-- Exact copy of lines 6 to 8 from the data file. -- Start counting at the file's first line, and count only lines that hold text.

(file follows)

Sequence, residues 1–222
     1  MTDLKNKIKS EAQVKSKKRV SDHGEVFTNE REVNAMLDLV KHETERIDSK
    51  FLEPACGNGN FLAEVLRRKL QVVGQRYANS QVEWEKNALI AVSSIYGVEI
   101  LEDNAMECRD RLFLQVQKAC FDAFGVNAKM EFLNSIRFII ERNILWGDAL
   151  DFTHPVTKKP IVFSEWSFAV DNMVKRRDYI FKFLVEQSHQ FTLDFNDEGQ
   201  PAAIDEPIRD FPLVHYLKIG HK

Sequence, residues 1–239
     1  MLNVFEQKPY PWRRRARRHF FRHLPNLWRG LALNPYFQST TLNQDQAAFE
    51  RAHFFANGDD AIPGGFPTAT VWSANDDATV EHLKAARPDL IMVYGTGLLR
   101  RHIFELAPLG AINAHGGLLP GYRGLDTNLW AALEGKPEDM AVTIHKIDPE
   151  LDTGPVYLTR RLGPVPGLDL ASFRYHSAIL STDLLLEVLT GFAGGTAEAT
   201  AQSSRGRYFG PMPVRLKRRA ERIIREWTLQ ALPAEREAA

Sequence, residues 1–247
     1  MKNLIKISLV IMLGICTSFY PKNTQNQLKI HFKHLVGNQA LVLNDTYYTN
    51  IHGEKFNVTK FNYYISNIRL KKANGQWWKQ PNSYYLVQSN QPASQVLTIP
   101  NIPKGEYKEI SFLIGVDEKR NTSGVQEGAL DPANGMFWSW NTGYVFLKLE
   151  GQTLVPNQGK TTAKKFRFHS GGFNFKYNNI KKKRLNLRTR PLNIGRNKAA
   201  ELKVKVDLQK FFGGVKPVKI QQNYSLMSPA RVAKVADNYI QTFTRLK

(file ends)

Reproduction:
   201  PAAIDEPIRD FPLVHYLKIG HK

Sequence, residues 1–239
     1  MLNVFEQKPY PWRRRARRHF FRHLPNLWRG LALNPYFQST TLNQDQAAFE